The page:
But What If I Don't Want to Be a Dad?

A year after President Obama launched his "fatherhood initiative" to address the problems facing 23 million children in America living without their dads, one researcher thinks she can do the president one better with a controversial new plan.


Consider this scenario: A 19-year-old man in Harlem is dating an 18-year-old woman, a friend of a friend whom he met in high school. Both have no plans to go to college, and both come from low-income backgrounds. Neither wants to get married anytime soon, and they make it clear to each other that, despite the fact that many of their siblings and friends have children, they're not ready for that responsibility.

Until she gets pregnant and everything changes.

The man, who is unemployed and who has already had several run-ins with the law, reminds her that he's not ready to be a father. But she's had a change of heart; she's keeping the baby. If he doesn't financially support it, she informs him, she's going to the police to press charges with the child-support enforcement agency, which can garnish his tax refunds, suspend his driver's license or put him in jail for failure to pay. Our story ends with the young man trying to formulate a 21-year plan (in New York, child support needs to be paid until the child is 21) to provide money he rarely has to a kid he never wanted.

It's an age-old conundrum. And with more than 23 million American children living without their fathers, it's a conundrum with serious ramifications. One year ago, President Barack Obama launched his "fatherhood initiative" to promote male parenting through educational forums and transitional jobs programs for the unemployed. But such programs can take a while before they show real results. And one Brown University researcher is suggesting a controversial solution to the problem before it starts: the financial abortion.

In other words, what if a man who has made it perfectly clear in advance that he does not want to be a father, is able to walk away from any and all financial obligations if his partner does become pregnant against his wishes? Would "choice" extend to him as well? Would that cut down on the number of children living without their biological fathers?

Last month, on the one-year anniversary of the initiative, President Obama said that he "can't legislate fatherhood." And yet to many men throughout the United States -- men maligned by the media as "deadbeat dads," men in prison for dereliction of daddy -- it seems as if the government is doing exactly that, requiring by law that all men with children fit its definition of a good father (which often requires writing hefty checks). What's more, even when men make it very clear to their partners that they don't want to be fathers in the first place, America's answer is simple: Sorry; either remain celibate and childless, or have intercourse and be prepared to relinquish all decisions about a pregnancy to your partner, who, when it comes to child support payments, has the full support of the U.S. government.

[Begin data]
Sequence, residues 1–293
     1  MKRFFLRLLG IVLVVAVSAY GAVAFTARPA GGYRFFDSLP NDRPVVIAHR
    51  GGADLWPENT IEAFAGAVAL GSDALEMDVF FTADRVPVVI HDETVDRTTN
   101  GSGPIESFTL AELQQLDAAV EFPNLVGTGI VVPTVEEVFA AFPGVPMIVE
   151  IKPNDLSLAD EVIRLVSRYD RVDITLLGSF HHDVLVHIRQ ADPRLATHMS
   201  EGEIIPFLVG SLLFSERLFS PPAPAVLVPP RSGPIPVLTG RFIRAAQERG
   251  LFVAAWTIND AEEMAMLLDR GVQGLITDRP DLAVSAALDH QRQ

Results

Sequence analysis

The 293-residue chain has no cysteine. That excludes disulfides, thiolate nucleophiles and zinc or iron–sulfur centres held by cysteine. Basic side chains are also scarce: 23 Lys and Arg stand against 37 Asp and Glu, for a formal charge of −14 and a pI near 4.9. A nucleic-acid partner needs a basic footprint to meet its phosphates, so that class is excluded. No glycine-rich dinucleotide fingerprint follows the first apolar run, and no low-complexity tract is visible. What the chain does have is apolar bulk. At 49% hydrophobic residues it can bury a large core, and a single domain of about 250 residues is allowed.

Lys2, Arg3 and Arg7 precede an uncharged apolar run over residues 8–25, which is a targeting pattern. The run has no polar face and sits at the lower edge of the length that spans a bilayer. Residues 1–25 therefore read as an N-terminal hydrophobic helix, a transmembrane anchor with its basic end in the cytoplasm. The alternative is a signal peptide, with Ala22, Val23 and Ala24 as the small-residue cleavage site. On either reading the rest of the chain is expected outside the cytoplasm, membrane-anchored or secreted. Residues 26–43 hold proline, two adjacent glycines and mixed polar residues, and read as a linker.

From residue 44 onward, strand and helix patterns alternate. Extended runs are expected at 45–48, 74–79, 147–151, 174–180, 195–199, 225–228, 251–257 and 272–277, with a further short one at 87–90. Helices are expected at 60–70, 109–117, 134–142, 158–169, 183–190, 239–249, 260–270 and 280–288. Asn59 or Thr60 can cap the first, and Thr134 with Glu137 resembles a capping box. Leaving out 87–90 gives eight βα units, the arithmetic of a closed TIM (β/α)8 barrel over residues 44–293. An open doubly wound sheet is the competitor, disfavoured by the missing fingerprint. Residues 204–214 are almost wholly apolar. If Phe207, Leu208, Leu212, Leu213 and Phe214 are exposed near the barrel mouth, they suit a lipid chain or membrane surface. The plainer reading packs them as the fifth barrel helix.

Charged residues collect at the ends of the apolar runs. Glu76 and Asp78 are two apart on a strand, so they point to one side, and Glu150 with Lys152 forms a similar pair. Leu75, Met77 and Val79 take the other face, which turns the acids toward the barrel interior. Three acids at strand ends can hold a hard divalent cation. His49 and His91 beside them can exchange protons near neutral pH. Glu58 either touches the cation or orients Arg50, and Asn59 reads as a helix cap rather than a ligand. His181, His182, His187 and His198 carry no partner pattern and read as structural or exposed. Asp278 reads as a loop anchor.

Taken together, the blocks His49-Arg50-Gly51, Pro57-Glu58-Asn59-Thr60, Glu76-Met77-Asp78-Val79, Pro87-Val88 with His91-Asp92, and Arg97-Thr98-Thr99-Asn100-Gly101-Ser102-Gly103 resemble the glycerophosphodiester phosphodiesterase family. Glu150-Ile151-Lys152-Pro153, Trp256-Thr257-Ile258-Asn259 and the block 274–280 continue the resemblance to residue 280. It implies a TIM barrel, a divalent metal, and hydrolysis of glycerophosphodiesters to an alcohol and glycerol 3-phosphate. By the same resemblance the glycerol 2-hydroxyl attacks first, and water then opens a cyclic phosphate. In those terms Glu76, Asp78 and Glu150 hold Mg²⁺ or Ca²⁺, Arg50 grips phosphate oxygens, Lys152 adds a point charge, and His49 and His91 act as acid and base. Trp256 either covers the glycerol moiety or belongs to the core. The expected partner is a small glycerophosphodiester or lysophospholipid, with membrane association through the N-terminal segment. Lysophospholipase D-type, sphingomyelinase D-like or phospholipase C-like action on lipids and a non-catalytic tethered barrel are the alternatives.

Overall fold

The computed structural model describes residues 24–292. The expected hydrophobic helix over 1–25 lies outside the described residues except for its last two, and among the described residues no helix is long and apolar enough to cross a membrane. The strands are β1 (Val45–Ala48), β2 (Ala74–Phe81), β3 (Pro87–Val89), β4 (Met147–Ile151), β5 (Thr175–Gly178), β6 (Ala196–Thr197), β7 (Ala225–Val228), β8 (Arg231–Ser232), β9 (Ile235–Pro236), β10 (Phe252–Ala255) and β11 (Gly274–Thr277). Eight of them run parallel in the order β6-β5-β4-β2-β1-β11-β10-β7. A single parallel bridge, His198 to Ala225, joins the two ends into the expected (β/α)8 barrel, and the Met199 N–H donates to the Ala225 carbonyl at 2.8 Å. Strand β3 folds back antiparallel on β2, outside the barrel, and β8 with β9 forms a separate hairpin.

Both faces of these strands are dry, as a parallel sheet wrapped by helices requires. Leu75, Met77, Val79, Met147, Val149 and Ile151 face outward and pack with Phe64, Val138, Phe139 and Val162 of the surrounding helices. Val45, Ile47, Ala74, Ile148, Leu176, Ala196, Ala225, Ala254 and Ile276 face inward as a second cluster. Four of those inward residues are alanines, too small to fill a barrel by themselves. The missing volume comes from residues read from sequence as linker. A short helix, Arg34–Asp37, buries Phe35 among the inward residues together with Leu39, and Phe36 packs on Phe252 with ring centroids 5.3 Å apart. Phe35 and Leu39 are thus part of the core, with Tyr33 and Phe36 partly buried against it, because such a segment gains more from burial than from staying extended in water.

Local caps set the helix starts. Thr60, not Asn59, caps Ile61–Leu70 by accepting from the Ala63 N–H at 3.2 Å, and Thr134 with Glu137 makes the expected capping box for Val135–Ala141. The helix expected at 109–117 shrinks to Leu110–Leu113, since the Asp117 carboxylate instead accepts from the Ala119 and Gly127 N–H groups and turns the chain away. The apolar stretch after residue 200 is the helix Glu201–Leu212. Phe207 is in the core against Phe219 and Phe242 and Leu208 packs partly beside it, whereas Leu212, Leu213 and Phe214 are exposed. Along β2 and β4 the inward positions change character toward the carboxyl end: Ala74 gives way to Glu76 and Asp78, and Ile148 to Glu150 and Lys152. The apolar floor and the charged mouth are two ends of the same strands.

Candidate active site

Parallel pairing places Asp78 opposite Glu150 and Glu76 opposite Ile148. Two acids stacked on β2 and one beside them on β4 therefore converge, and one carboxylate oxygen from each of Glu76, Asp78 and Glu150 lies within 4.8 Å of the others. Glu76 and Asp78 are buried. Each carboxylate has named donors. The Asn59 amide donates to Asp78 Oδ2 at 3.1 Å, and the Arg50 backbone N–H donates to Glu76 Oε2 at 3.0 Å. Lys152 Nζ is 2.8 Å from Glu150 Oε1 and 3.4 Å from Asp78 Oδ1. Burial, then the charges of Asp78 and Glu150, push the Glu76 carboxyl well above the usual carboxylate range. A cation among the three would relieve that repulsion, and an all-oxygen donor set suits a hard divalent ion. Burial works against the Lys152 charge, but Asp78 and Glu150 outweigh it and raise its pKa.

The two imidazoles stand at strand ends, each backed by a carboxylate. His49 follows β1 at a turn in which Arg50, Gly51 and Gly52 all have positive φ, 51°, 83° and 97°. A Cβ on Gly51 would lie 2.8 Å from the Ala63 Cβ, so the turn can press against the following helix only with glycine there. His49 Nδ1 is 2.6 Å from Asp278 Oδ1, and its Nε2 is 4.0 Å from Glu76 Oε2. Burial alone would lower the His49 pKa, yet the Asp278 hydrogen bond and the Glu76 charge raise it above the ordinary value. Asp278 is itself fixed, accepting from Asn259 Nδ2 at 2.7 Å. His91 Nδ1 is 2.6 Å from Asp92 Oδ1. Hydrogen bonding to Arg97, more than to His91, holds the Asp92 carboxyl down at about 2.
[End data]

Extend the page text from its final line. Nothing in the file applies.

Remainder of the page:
But what of men who, resources or not, have no desire to be fathers?

Professor Frances Goldscheider teaches sociology at Brown, where she came up with the idea that, she says, has made her question some of her deepest, most long-standing beliefs: "While I thought I was a feminist all my life, when I started studying the family and fatherhood in general, I realized that I was really an egalitarian. I want a level playing field in the family for men and women."

If it were law, a financial abortion would allow a man -- one who has specifically said to his partner before intercourse that he doesn't want to be a father -- to void all monetary responsibility for any pregnancy. Without question, the woman could carry the child to term, but she and the law could then never come looking for the dad for child support. It sounds harsh -- so much so that Goldscheider admits it will probably never be more than a dream theory -- but proponents believe that such a policy could very well make a huge dent in the nation's scourge of absentee fathers, especially in the African-American community.

"I think it would primarily benefit men who do not want to be fathers," Goldscheider says, "and that's mostly those who are not ready, whether financially or whatever. And given the structure of inequality in this country, it should disproportionately benefit young black men."